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Mental health is all in good fun
January 27, 2013 6:36 PM   Subscribe

this post seems problematic to me.
posted by bq to Etiquette/Policy at 6:36 PM (66 comments total) 1 user marked this as a favorite

It would be helpful to us if you could maybe explain why you find it problematic enough to warrant a MetaTalk thread.
posted by jessamyn (staff) at 6:39 PM on January 27, 2013 [9 favorites]


Yeah. The lack of specific request is problematic to me.
posted by TangerineGurl at 6:40 PM on January 27, 2013


that post seems perfect to me.
posted by Ice Cream Socialist at 6:43 PM on January 27, 2013


A lot of people disagree with you. Tons of constructive comments. Quite a few people favorited the thread. It's not editorializing. Seems like a fine thread to me.
posted by cjorgensen at 6:46 PM on January 27, 2013


If it gets up to bassomatic the mods will step in.
posted by fleacircus at 6:53 PM on January 27, 2013


While, I can see where comedy/mental health has a social line and perhaps you think this is over the top.

If you are like me, and judge a book by it's cover, go directly to Ep 13: Oh - CD Heh.
posted by TangerineGurl at 6:54 PM on January 27, 2013


Perhaps you could expand?
posted by trip and a half at 6:55 PM on January 27, 2013


Metafilter is not wikipedia.
Sometimes there are factual errors in posts that are corrected in the discussion further down.
posted by Potomac Avenue at 6:56 PM on January 27, 2013 [1 favorite]


Just ate a piece of pie, I am so expanding right now.
posted by Brandon Blatcher at 6:57 PM on January 27, 2013 [2 favorites]


I assume it's the mental-health-problem-no-not-really aspect. Sort of put a bad taste in my mouth, too, but meh.
posted by Alvy Ampersand at 7:02 PM on January 27, 2013 [1 favorite]


Posts like this sometimes make me feel that MetaTalk should always operate in queue mode, holiday style.
posted by Conrad Cornelius o'Donald o'Dell at 7:04 PM on January 27, 2013 [6 favorites]


I assume it's the mental-health-problem-no-not-really aspect.

Can you explain this phrase? I'm sorry, I haven't read the post extensively, but I'm already familiar with the bulk of its links and I don't recall her problems being in any way "no-not-really" so I think maybe I'm misunderstanding you.

I figured maybe the MeTa OP thought the post was making a spectacle of an illness or something, which I really don't think is the case, but I can at least understand someone thinking so. Ms Bamford has tended to bring her illness very much to the forefront of her material recently, in a way that is often uncomfortable.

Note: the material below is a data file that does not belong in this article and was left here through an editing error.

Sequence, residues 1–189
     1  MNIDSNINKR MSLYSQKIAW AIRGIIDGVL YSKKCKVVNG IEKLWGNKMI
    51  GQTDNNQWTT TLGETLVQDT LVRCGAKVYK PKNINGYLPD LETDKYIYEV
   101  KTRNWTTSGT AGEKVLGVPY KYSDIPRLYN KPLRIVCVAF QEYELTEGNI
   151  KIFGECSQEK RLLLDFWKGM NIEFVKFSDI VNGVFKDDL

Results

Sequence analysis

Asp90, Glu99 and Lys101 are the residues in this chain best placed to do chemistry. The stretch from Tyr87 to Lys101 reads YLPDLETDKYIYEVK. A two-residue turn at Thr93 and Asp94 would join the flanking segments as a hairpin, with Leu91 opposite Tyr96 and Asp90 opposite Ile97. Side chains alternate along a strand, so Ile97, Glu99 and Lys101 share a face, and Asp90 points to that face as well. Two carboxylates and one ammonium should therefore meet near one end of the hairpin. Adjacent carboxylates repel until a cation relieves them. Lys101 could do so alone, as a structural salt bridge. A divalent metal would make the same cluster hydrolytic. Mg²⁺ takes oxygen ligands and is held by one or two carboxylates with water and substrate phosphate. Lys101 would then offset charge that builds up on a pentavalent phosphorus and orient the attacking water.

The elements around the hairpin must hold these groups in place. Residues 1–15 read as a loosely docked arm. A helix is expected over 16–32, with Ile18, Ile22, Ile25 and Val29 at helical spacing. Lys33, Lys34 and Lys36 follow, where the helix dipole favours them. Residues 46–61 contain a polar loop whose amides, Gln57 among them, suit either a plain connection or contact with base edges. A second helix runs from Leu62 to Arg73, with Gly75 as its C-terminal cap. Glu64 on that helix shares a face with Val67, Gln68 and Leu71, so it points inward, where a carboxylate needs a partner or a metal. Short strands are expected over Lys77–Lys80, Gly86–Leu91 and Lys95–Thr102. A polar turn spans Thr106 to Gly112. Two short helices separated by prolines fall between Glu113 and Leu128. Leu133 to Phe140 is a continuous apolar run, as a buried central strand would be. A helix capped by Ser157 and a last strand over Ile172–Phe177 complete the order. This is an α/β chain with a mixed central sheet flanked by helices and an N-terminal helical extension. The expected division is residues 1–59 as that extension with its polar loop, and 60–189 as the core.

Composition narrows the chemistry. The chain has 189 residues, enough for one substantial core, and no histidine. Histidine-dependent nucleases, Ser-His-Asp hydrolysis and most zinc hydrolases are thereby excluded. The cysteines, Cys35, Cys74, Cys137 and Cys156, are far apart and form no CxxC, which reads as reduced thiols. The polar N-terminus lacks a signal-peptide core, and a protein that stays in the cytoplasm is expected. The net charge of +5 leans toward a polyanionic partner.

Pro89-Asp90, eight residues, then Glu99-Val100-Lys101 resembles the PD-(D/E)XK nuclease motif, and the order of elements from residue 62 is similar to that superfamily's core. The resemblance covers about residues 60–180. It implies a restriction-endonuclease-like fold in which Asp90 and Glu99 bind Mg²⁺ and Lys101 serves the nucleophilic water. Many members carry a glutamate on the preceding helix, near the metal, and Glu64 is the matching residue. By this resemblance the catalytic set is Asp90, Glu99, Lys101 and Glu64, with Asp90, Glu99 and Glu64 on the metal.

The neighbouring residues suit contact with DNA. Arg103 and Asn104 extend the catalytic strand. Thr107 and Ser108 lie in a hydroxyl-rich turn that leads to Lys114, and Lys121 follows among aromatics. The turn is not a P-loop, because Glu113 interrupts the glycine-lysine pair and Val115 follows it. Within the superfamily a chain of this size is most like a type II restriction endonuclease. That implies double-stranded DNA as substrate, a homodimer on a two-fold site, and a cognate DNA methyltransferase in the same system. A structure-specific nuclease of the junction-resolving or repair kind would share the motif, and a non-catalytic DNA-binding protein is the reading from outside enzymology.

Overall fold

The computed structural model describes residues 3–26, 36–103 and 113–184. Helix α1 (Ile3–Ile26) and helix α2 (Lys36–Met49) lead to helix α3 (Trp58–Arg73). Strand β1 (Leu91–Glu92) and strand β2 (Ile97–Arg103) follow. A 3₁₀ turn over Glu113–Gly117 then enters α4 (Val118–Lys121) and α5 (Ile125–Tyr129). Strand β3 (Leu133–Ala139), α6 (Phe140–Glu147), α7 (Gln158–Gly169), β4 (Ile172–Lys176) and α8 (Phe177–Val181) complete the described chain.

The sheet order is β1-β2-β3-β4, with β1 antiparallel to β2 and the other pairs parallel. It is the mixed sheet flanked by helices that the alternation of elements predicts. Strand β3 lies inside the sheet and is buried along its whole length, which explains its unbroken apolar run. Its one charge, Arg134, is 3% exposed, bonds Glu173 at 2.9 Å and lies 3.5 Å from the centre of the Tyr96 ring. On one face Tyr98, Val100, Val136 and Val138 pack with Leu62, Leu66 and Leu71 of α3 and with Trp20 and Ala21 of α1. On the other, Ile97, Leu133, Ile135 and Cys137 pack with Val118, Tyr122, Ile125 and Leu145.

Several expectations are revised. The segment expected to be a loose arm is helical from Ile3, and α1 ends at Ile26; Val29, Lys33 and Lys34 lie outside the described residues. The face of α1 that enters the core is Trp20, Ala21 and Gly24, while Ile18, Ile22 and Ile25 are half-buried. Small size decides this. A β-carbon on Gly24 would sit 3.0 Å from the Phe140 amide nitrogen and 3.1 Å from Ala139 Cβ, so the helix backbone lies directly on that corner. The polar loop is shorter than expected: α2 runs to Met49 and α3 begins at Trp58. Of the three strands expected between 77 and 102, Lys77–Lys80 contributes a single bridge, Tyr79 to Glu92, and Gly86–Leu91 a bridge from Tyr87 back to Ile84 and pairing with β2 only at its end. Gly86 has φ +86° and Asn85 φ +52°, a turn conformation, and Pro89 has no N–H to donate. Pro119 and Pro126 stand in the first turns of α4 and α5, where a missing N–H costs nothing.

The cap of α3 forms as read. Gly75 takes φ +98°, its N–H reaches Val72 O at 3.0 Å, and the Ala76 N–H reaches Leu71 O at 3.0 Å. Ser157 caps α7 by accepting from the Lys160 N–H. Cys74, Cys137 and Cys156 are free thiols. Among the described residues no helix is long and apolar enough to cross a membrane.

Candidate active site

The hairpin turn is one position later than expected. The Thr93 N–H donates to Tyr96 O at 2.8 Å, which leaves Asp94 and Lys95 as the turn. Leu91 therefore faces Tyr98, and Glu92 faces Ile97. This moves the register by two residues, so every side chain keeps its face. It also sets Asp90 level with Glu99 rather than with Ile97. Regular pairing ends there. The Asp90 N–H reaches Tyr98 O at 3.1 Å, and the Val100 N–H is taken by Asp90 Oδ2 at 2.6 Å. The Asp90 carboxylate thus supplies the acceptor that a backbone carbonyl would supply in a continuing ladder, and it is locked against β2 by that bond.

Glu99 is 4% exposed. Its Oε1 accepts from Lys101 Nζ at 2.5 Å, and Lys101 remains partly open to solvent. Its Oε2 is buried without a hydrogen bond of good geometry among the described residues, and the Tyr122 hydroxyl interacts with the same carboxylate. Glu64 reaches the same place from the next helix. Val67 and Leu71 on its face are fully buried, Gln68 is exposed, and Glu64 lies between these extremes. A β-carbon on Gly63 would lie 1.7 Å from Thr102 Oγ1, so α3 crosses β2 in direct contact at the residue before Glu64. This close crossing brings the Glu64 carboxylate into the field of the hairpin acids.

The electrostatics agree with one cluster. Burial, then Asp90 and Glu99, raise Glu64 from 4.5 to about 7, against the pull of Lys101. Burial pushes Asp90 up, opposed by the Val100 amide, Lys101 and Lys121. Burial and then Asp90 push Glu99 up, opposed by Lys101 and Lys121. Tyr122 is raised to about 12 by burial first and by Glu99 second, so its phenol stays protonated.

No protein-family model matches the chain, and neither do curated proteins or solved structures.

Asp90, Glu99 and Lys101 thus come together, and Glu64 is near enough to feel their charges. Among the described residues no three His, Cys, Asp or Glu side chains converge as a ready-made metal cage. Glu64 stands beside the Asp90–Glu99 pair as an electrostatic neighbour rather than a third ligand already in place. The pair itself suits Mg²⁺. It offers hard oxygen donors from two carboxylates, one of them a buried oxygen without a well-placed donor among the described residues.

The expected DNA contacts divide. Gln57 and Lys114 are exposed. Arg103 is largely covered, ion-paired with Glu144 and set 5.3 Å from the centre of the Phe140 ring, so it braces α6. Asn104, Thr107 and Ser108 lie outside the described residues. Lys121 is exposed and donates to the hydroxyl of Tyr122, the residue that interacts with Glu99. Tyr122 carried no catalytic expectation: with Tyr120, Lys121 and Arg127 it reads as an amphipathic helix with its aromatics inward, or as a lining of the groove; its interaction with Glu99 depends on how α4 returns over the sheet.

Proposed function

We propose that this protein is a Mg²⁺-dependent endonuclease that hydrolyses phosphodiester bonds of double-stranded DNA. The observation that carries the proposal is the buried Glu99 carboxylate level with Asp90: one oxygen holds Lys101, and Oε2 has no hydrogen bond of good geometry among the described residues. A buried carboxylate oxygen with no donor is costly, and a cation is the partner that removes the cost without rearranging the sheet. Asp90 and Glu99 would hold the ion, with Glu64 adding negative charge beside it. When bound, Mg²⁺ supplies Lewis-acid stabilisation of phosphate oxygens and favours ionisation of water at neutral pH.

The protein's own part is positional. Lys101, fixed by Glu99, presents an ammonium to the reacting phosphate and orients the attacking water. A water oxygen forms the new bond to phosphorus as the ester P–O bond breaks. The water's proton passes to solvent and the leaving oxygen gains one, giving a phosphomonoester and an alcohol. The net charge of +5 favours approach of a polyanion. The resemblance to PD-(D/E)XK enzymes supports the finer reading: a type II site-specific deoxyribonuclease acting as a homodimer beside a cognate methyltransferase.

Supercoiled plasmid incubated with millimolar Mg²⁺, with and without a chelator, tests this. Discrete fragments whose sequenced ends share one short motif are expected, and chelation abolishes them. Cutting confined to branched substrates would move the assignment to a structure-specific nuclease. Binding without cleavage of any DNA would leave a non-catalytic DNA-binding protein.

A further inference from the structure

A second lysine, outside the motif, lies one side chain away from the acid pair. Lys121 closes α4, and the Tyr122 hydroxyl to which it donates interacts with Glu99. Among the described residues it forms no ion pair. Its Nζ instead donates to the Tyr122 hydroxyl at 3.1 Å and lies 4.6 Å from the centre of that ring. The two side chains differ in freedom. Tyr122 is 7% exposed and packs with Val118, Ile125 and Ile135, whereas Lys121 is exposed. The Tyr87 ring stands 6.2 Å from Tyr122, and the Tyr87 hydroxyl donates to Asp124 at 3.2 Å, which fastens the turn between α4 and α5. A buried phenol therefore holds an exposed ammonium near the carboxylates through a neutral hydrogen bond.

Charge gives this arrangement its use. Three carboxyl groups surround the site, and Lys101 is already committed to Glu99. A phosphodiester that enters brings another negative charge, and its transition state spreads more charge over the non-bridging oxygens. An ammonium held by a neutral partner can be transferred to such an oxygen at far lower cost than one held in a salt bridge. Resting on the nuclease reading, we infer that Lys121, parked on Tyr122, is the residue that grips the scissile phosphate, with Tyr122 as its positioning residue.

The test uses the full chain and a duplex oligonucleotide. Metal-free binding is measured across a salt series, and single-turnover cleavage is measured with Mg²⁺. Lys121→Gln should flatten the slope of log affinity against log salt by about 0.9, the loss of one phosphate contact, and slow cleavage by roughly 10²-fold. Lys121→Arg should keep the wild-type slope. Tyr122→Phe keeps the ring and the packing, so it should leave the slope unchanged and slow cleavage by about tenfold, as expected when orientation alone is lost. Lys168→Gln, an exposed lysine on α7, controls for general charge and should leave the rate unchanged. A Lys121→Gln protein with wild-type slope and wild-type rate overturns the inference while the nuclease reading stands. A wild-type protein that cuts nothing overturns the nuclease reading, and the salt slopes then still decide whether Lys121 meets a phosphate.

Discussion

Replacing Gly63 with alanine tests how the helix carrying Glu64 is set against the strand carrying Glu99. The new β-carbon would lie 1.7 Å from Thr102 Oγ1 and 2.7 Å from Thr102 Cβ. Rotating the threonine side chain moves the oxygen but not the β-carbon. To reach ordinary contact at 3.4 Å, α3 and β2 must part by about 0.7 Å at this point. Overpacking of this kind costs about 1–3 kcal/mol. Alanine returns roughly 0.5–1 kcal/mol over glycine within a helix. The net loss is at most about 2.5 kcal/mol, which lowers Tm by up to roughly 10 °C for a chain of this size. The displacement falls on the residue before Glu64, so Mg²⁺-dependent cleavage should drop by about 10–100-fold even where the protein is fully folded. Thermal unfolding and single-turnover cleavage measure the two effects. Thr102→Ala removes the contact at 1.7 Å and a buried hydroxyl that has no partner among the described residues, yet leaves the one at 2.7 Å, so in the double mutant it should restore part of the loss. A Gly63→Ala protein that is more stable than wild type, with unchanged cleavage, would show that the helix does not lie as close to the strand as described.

posted by shmegegge at 7:07 PM on January 27, 2013


The only thing problematic about this post is how much time I'm gonna sink into watching this awesome web series.
posted by pwally at 7:10 PM on January 27, 2013 [1 favorite]


The Bammer is a bipolar II:
Did turning 40 in the last year faze you?

I got surprisingly depressed. I was very surprised that success in my career didn't translate to peace of mind. In by 40th year, my depression meds stopped working, I was re-diagnosed (after a three-day stay at the hospital) as Bipolar II, and have experienced some real joy since, [as I am in] an outpatient program with cognitive behavioral tools. So, that said, it fazed me completely. (source)
So the post is fine, if a bit understandably confusing on the "is this real/is she making fun of mental illness" question.
posted by Brandon Blatcher at 7:18 PM on January 27, 2013


The post in question seems incredibly un-problematic to me.

Also, I hate it when people post shoddy callouts and then disappear. You start a thread and maybe it's a good idea to stick around a bit, you know?
posted by Justinian at 7:18 PM on January 27, 2013 [12 favorites]


I assume it's the mental-health-problem-no-not-really aspect. Sort of put a bad taste in my mouth, too, but meh.

I haven't been following Maria Bamford but the impression I have is that she is really-actually bipolar. Was I mistaken?
posted by pullayup at 7:21 PM on January 27, 2013


It seems like the sort of a situation where if she didn't have a mental illness it would be crass and bigoted for her to touch on certain scenarios/jokes, so understandably, some people who don't know too much about her are going to get het up about the whole thing.
posted by the young rope-rider at 7:26 PM on January 27, 2013


Also, I hate it when people post shoddy callouts and then disappear. You start a thread and maybe it's a good idea to stick around a bit, you know?

I'd like to assume a little more good faith in the poster than that. This is a touchy subject.
posted by Navelgazer at 7:35 PM on January 27, 2013


I did not find it problematic.
posted by crush-onastick at 7:37 PM on January 27, 2013


Diablevert is summing up the issue and responding to it very well right here (I'm guessing).

I am enjoying the post, and see no problem with it.
posted by Brody's chum at 7:50 PM on January 27, 2013


I didn't care for the fact that the FPP presented as a true fact the story that she had a breakdown and walked off the stage and ended up selling clock radios in Detroit.

Things were clarified in the comments, but still.
posted by leahwrenn at 7:51 PM on January 27, 2013 [12 favorites]


Thanks leahwrenn. That was my problem.
posted by bq at 7:54 PM on January 27, 2013